A Garden from a Hundred Packets of Seed

Front Cover
Macmillan, Apr 20, 2005 - Gardening - 144 pages
3 Reviews
"An engaging mix of the serious and the playful, and Fenton writes with a lightness of touch perfectly suited to the subject." --Alexander Urquhart, The Times Literary Supplement

Forget structure. Forget trees, shrubs, and perennials. As James Fenton writes, "This is not a book about huge projects. It is about thinking your way toward the essential flower garden, by the most traditional of routes: planting some seeds and seeing how they grow."

In this light hearted, instructive, original "game of lists," Fenton selects one hundred plants he would choose to grow from seed. Flowers for color, size, and exotic interest; herbs and meadow flowers; climbing vines, tropical species--Fenton describes readily available varieties, and tells how to acquire and grow them.

Here is a happy, stylish, unpretentious, and thought-provoking gardening book that will beguile and inspire both novice and expert alike.


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Review: A Garden from a Hundred Packets of Seed

User Review  - David Ward - Goodreads

A Garden from a Hundred Packets of Seed by James Fenton (Farrar, Strauss & Giroux)(635.9) is a lighthearted approach to gardening whereby the author recommends a hundred varieties of plant that he deems essential to fulfilling some purpose in the garden. My rating: 7/10, finished 2008. Read full review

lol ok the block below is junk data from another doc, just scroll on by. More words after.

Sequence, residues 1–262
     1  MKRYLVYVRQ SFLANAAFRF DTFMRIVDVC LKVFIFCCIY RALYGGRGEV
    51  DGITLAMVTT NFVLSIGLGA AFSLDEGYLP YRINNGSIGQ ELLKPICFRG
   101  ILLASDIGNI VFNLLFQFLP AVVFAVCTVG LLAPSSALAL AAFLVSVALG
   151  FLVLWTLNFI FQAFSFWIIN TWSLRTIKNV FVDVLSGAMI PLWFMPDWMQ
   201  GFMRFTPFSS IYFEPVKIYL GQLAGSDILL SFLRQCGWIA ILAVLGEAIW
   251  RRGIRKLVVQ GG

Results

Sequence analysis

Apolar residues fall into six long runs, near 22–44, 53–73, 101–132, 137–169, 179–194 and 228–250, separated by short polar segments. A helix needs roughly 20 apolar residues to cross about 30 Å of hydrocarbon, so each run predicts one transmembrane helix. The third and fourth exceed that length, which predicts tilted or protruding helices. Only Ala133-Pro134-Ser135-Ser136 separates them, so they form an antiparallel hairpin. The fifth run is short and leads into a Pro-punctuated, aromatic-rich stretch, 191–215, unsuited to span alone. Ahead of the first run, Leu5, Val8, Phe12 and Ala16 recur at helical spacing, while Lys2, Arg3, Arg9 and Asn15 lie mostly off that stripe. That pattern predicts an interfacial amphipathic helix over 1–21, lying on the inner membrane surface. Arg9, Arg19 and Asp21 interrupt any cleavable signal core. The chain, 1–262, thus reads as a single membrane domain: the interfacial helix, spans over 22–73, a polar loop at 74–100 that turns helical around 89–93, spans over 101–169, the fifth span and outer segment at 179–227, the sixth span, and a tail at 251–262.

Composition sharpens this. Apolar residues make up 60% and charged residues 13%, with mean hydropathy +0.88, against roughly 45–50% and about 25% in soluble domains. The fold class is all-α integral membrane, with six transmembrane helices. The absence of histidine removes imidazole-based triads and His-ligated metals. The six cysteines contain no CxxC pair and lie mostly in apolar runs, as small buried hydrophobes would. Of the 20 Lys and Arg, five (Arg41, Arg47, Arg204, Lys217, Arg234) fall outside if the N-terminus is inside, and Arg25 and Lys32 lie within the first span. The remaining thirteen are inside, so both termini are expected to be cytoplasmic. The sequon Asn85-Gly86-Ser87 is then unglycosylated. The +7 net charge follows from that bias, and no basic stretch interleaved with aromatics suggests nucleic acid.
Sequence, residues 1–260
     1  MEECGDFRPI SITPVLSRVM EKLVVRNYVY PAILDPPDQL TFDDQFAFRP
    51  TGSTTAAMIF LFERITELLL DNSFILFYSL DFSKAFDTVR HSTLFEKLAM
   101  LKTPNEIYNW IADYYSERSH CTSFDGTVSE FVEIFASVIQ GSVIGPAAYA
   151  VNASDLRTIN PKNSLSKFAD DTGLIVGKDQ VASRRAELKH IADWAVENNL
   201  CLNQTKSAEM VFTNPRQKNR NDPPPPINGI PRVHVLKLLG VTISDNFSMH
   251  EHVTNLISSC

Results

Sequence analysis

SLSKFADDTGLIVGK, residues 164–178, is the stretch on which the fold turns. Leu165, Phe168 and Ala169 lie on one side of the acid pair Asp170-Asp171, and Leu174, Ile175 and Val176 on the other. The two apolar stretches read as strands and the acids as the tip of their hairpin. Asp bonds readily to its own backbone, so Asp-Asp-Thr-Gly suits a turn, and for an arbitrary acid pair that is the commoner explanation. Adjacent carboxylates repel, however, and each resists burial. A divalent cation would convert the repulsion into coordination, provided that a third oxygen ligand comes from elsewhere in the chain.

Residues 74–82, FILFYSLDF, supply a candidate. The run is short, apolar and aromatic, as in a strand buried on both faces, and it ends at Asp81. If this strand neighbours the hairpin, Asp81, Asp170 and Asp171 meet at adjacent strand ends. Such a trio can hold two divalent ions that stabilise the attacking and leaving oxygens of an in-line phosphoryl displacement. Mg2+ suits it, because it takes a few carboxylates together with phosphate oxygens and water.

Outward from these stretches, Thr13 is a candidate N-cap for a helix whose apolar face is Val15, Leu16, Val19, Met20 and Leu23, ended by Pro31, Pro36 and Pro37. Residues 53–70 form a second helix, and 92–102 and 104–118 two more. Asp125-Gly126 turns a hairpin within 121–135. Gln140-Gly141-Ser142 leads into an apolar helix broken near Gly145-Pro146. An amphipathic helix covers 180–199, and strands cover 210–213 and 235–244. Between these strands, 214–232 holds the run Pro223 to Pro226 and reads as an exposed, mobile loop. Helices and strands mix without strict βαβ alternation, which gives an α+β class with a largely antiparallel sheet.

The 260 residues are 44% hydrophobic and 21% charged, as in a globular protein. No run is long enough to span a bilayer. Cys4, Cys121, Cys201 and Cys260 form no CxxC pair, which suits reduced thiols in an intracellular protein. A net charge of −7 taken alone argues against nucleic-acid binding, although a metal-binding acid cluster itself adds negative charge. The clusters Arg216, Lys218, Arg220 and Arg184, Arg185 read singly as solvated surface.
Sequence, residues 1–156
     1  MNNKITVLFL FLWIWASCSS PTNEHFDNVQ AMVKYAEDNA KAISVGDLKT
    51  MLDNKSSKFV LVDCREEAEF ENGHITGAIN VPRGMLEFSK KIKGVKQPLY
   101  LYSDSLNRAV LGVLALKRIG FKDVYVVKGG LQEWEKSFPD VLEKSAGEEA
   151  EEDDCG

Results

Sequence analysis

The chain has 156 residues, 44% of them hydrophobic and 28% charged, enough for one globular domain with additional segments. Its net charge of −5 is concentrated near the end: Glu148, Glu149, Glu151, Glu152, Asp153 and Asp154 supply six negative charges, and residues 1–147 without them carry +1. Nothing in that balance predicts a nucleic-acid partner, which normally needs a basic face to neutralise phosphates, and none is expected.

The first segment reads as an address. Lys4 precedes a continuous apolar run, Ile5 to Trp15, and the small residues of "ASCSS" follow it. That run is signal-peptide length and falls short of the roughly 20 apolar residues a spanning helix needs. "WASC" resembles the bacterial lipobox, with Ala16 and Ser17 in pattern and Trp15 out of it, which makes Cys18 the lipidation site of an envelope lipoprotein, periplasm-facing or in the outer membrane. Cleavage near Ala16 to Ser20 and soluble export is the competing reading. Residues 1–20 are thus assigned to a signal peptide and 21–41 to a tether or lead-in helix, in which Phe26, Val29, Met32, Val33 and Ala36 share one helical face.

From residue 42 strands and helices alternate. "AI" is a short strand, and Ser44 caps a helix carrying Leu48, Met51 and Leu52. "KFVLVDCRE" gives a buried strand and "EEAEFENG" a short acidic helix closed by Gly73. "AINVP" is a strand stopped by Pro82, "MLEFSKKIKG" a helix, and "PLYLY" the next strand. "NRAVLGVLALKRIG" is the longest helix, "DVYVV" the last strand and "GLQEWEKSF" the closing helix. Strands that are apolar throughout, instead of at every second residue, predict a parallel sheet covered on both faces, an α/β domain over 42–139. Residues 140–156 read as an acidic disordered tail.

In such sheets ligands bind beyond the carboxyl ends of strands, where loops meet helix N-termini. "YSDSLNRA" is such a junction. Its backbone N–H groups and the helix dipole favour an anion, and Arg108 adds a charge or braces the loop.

Review: A Garden from a Hundred Packets of Seed

User Review  - Ursulawt Willaredt - Goodreads

Beautifully written, great ideas for a flower garden - if one only had time. Love the book, though. Read full review


Flowers and Their Colors
Flowers for Their Size
Flowers That Hop Around
Flowers for Cutting
The Perennial Prejudice
Useful and Decorative Herbs
The MicroMeadow
The Poppy Festival
g Climbers on Impulse
For the Tropical Look
As an Afterthought
The Rest of the Kit
When Raising Plants from Seed The Seed List

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About the author (2005)

James Fenton is a poet, critic, and gardener. From 1994 to 1999 he was Professor of Poetry at Oxford, where he has created a noted garden. He writes about poetry, art history, and gardening for the New York Review of Books.

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